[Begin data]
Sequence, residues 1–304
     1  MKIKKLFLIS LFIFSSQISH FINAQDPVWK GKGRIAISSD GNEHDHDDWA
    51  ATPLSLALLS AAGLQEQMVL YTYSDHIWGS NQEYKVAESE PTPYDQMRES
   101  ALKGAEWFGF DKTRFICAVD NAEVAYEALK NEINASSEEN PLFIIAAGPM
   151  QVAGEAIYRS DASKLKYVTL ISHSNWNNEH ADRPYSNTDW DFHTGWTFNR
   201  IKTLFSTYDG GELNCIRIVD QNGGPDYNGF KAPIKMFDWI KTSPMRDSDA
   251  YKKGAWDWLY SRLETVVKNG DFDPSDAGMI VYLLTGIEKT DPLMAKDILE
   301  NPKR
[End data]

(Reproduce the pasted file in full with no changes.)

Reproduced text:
Sequence, residues 1–304
     1  MKIKKLFLIS LFIFSSQISH FINAQDPVWK GKGRIAISSD GNEHDHDDWA
    51  ATPLSLALLS AAGLQEQMVL YTYSDHIWGS NQEYKVAESE PTPYDQMRES
   101  ALKGAEWFGF DKTRFICAVD NAEVAYEALK NEINASSEEN PLFIIAAGPM
   151  QVAGEAIYRS DASKLKYVTL ISHSNWNNEH ADRPYSNTDW DFHTGWTFNR
   201  IKTLFSTYDG GELNCIRIVD QNGGPDYNGF KAPIKMFDWI KTSPMRDSDA
   251  YKKGAWDWLY SRLETVVKNG DFDPSDAGMI VYLLTGIEKT DPLMAKDILE
   301  NPKR